As you are hopefully aware, The Notifiable Data Breaches Scheme came into effect in February of this year (read more). It is a little alarming that The Office of Australian Information Commissioner (OAIC) received 63 reported breaches since the scheme began. The notifications are broken down into various industry sectors which showed that health service providers made the most notifications, at 15. Human error was responsible for 32 of the breaches reported, 28 were due to malicious or criminal acts and 2 were system errors.
These figures were released by OAIC in its first quarterly report earlier this month. These numbers do however justify not only the need for the legislation in the first place, but also the importance of cyber insurance for electronic breaches, and it will now become more apparent how wide-spread the problem is.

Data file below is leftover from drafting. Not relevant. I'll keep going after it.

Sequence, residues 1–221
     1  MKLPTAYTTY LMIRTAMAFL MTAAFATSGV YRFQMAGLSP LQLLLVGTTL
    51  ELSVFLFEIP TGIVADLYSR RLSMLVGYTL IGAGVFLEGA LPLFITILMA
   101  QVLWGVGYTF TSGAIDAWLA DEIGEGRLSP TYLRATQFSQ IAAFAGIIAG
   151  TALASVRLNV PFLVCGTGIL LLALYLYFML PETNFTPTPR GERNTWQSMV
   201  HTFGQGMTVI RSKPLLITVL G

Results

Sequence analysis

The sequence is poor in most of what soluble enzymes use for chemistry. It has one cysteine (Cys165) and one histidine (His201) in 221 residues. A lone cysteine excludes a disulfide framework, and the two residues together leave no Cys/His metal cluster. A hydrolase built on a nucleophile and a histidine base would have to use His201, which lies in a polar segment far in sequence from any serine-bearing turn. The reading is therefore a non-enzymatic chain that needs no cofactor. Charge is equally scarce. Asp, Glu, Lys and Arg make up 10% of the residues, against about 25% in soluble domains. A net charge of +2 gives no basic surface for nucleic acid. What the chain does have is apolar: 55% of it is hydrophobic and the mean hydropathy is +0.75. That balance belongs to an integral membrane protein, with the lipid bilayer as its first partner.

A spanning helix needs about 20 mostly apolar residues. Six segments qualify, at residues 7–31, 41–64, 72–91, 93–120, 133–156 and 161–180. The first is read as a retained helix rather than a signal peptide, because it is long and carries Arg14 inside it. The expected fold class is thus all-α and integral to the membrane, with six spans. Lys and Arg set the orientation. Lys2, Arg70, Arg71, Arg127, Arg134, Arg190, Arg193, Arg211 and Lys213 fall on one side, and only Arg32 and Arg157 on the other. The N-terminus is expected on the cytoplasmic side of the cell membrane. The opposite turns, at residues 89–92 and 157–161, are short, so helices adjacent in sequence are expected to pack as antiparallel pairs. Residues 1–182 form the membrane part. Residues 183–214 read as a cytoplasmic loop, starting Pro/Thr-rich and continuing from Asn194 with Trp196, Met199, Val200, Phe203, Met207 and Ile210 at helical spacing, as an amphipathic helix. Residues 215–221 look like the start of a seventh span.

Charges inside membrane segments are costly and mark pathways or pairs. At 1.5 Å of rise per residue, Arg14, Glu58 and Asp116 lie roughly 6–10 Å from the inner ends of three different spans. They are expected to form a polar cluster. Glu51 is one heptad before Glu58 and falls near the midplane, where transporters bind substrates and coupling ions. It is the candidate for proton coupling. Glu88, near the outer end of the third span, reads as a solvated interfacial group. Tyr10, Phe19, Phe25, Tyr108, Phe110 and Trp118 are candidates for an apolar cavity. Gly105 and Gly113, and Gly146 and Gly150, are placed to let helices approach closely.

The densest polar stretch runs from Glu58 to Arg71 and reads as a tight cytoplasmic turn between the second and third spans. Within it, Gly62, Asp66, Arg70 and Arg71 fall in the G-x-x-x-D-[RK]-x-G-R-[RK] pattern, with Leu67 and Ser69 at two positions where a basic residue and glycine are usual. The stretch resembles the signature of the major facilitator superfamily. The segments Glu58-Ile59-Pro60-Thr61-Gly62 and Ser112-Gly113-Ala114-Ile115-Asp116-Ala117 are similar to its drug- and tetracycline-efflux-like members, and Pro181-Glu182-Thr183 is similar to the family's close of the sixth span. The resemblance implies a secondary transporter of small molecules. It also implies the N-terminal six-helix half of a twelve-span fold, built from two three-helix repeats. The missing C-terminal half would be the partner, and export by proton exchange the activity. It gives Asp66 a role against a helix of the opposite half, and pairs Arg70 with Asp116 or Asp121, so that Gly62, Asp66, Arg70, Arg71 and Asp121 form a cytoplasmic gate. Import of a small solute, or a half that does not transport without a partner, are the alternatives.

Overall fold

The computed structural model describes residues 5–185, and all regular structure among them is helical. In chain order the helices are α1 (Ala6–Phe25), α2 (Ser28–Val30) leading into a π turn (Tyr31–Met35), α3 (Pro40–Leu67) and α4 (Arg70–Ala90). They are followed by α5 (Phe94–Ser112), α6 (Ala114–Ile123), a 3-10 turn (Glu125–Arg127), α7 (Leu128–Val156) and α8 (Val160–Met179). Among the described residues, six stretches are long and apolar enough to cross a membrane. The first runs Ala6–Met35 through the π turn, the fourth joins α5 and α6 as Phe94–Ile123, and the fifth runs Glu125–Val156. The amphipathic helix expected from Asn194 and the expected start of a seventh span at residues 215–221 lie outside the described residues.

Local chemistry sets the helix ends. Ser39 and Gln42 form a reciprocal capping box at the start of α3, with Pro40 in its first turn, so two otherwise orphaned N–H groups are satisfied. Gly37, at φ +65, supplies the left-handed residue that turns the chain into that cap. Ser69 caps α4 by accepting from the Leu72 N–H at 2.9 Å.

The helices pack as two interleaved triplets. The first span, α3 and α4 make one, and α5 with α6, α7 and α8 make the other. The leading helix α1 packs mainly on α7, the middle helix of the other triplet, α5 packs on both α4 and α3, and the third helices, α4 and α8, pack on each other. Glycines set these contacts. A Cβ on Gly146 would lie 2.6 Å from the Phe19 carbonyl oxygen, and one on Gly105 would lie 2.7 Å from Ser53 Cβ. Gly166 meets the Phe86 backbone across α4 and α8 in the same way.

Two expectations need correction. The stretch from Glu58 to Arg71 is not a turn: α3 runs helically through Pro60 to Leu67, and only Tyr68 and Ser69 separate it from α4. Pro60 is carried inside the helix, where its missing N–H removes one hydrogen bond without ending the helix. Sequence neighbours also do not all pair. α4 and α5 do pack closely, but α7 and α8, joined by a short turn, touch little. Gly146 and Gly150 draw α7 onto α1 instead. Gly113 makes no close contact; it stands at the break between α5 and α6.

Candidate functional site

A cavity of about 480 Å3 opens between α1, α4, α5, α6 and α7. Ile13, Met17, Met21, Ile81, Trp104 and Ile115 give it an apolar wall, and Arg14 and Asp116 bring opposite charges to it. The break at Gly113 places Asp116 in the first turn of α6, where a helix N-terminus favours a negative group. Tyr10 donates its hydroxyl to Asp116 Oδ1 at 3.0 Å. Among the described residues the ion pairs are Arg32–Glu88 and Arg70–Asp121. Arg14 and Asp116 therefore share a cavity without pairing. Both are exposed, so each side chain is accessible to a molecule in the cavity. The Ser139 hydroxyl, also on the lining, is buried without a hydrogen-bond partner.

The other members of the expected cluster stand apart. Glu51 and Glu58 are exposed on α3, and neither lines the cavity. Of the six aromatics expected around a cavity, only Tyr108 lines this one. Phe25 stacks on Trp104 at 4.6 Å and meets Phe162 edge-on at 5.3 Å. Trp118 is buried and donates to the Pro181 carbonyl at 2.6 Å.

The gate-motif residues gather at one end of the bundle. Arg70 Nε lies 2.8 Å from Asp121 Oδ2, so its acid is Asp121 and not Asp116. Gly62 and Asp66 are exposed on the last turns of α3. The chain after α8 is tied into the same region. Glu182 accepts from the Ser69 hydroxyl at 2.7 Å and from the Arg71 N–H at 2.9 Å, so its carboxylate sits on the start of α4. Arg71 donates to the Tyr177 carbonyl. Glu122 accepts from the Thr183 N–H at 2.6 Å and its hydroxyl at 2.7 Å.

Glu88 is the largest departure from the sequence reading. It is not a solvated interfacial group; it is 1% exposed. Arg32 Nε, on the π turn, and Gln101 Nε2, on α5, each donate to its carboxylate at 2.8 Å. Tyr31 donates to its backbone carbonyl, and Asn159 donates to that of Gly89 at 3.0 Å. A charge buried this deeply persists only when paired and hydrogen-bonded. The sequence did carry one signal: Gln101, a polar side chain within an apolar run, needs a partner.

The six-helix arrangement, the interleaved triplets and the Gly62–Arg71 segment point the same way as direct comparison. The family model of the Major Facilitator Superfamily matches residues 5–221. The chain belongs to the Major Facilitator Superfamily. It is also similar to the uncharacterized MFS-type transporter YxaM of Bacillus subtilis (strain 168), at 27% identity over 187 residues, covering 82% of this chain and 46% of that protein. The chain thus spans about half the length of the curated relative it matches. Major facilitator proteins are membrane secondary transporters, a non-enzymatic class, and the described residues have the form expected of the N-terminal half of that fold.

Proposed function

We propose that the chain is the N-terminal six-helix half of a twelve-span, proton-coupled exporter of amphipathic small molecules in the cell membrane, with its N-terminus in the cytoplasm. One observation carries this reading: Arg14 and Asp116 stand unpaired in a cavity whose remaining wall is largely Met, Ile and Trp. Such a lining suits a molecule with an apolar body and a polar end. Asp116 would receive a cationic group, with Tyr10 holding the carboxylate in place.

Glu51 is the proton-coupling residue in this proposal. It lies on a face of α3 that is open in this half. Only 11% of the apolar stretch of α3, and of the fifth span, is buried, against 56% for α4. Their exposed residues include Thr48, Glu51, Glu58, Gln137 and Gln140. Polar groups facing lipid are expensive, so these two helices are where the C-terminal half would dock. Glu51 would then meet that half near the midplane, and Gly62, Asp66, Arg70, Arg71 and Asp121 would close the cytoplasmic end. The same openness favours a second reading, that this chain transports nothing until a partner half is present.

The very first breach to be made public was shipping company, Svizter Australia, who revealed a data breach effecting over 400 of their 1,000 employees. The breach saw that their personal information, including tax file numbers, next of kin, superannuation account information, contained in more than 60,000 emails, were being secretly auto-forwarded to two external accounts between May 2017 and March 2018.
Clearly the requirements around data protection will only be increased over the coming years and we would encourage all businesses to get familiar with the requirements of the Notifiable Data Breaches Scheme.